[LLVMdev] [cfe-dev] draft rule for naming types/functions/variables

Zhanyong Wan (λx.x x) wan at google.com
Tue Nov 30 17:18:47 PST 2010

On Tue, Nov 30, 2010 at 5:07 PM, Chris Lattner <clattner at apple.com> wrote:
> On Nov 30, 2010, at 5:02 PM, Zhanyong Wan (λx.x x) wrote:
>> Thanks for the comments, Chris!  Glad that we are making progress.
>> I'll make most of the edits you suggested later today.  Before that,
>> there are a couple of high-level points I'd like to go over with you.
>> 1. I totally agree that the biggest benefit of a naming convention is
>> uniform APIs.  On the other hand, an inconsistent local naming style
>> hurts the productivity of contributors and can lead to bugs by causing
>> confusion.  I'm fine with local variables having short names when
>> their scope is limited (say, fits within one screen) or their role is
>> obvious (like 'i' for an iterator), but I do find the context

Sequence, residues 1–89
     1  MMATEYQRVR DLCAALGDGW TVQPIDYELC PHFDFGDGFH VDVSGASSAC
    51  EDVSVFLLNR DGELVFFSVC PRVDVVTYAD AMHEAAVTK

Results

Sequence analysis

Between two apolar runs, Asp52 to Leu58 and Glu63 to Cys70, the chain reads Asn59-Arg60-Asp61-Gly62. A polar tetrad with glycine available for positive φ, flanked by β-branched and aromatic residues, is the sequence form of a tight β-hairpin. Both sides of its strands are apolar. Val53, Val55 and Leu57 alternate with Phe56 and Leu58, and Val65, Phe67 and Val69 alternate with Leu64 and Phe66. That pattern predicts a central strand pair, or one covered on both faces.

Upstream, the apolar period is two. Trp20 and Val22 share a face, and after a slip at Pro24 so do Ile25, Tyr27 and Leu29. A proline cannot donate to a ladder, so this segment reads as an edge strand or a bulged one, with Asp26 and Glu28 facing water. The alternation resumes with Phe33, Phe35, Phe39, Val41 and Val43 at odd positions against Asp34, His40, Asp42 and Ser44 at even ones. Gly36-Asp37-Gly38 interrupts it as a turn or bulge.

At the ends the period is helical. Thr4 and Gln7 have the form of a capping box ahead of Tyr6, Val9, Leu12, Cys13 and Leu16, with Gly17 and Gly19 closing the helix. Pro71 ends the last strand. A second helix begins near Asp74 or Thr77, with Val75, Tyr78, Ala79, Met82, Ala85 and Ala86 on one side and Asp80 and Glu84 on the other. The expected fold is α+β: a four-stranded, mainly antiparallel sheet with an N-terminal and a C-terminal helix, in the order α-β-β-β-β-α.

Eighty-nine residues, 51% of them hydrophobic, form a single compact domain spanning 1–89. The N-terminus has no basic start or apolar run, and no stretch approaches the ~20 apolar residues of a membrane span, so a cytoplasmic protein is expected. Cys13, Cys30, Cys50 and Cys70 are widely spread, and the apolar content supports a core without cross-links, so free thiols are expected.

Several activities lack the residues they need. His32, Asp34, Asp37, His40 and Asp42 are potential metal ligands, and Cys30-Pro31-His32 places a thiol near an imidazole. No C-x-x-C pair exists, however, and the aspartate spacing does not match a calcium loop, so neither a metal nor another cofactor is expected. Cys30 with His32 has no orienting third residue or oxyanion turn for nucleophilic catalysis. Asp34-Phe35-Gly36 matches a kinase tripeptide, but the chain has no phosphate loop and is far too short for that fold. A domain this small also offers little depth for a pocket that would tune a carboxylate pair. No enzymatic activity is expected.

>> switching annoying when I have to adjust for the different styles as I
>> move to different parts of the codebase.  Just something for you to
>> consider.
> Sure, but it is also a cleanly separable policy decision that we can make after the more important half of the project happens :).  Lets do the more important part first, then come back to this.

I'll buy that. ;-)

>> 2. (more important than #1) I'd like to understand the reason behind
>> your preference for UpperCase names for ivars.  Is it just a personal
>> preference or is there a more profound reason?  So far, I've heard
>> that some people like lowerCase ivars (clear distinction from types,
>> etc), and some people don't think that helps much.  However, I'm yet
>> to hear why UpperCase ivars are considered *better* than lowerCase, so
>> I'm curious.
> The only reason I suggested UpperCase for ivars is that *by far* the most ivars are named like that in the current codebase.  If you're reading into case for distinctions, one way to look at it is that lowerCase is for methods, everything else is types or data.  I also think that public ivar names are much less important than the other cases, particularly given how few there are.

All right.  That sounds reasonable.  Thanks for clarifying.


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